It also provided tickets to several legislators who were identified, including the Winter Classic and McCartney concert tickets to state Sen. Jay Costa, D-Forest Hills, who could not be reached for comment. (ibid)

Some people are plainly too important to respond to such nattering. Yet somehow in this case the "no comment" is almost more open and honest. I work hard, I deserve tickets, nobody can stop me. That's the sort of bold leadership we've come to expect from state leaders.

Records showed that city Councilman Bill Peduto received tickets to two events, but he said he actually received tickets to three. Twice, he said, he took international visitors to baseball games. Once, he said, he took family members. (ibid)

See? What a wuss.

Clearly, the rules are too loose and must be tightened. In the age of transparency, the agency's records are a muddy stream that don't even reveal why officials are receiving tickets. This is nonsense and part of the petty, grasping behavior that this region should have outgrown years ago.

Stop it. (P-G, Edit Board)

Plus one.

Directly underneath our public officials' hilarious rationalizations for such graft is the idea that, "Everyone else is just jealous. You wish you were running this town, so you could do it too." That's the precise mentality that needs overthrowing forever. We're not going to get the leadership we deserve until we change the culture of entitlement, this sense of royal privilege.

This SEA business is a great place to start, and the media would do well to force the issue relentlessly.


  1. Face it Bram its just not that big of a deal!

  2. That's just, like, your opinion man.

    If you have low standards and don't mind running the kind of jerkwater burg where people feel free helping themselves to chainsaws, driveways, prostitution rings and river front land, then that's your prerogative for the time being.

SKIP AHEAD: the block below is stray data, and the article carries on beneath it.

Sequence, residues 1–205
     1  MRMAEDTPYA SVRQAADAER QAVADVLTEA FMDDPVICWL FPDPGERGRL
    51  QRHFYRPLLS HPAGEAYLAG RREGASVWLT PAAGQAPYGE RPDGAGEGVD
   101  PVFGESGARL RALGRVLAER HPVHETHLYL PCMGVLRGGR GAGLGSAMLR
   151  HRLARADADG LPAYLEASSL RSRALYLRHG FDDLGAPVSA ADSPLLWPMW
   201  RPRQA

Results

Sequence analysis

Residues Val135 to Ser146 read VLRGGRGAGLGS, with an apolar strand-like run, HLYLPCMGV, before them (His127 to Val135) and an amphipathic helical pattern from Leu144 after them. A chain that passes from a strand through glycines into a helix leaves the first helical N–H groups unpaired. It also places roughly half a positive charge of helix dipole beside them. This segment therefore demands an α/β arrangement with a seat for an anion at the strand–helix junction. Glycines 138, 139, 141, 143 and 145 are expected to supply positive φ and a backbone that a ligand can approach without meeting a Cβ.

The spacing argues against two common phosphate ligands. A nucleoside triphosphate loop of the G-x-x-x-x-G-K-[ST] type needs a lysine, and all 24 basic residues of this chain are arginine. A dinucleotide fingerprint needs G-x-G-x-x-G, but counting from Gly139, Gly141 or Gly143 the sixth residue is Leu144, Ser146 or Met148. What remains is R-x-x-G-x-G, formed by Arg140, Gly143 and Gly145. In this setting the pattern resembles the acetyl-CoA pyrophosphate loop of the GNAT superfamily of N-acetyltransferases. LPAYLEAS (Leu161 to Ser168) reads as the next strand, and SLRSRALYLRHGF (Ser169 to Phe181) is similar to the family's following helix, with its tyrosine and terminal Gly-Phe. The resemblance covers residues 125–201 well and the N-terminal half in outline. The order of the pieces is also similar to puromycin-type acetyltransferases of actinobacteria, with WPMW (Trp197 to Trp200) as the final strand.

3. In a sports-crazy city, I'm okay with certain people getting tickets to show off for potential investors. This just gets added to the (probably)long list of things that need to be tracked better.

    On a completely unrelated topic, does anyone apologize to Luke for his dismissal Franco over JoPa support now that it's a fact that Franco was backing... well, evil.

  4. Hmm... I don't know if attempting to kick him off the Promise board was the move to make, but somebody should probably circle back around to Franco for a comment.

    "Potential investors", shyeah.

  5. Kick-ass gadfly polemic - THANK YOU, Bram, for refusing to accept that "culture of entitlement" as "just not that big of a deal"!

  6. This comment has been removed by a blog administrator.

  7. "This SEA business is a great place to start, and the media would do well to force the issue relentlessly. "

    >>> Yeah, well. We did a piece raising similar questions back in November. And we weren't the first ones to do it either, as a couple of the politicians we spoke to were careful to point out.

    Media coverage is only going to carry the ball so far, I'm afraid.

  8. Potter - Perhaps you thought I was implicitly upbraiding other media for having ignored these issues, or all media in general for too frequently ignoring them. Not the case, nothing implied except "hooray!" and "more please".

    However, since you bring it up, media has to *follow* stories. Dare I say it even has to creatively *manufacture* opportunities to continue shining light from new angles on unrepentant self-dealing. If politicians can be assured that the instance in which they are being asked about something is the last time they will ever hear about it, they will continue to offer responses such as, "Shut up, wretch." It only stands to reason. Plus, I was sort of thinking the impact might heighten during the election.

    Don't think of it as carrying a ball so much as routine blocking and tackling. We all know who's responsible for actually carrying the ball -- that platoon of idiots in the wishbone I-formation.

  9. Actually, isn't there a penalty for "Too many men in the backfield"?

  10. "Perhaps you thought I was implicitly upbraiding other media for having ignored these issues, or all media in general for too frequently ignoring them."

    >>> No, I didn't feel like my ox was being gored. And sure, reporters should follow up on things. But with this story, politicians HAVE been asked these questions more than once. And I'm not sure how much would be gained by doing it again. Without meaning any offense to Joe Smydo, much of what was in the P-G story was in our piece last year. Many of the names are the same -- Fontana is apparently still the top recipient of tix, for example. And there's been no change in the justification for getting tickets (economic development! community appreciation!) or for the SEA's less-than-candid reporting.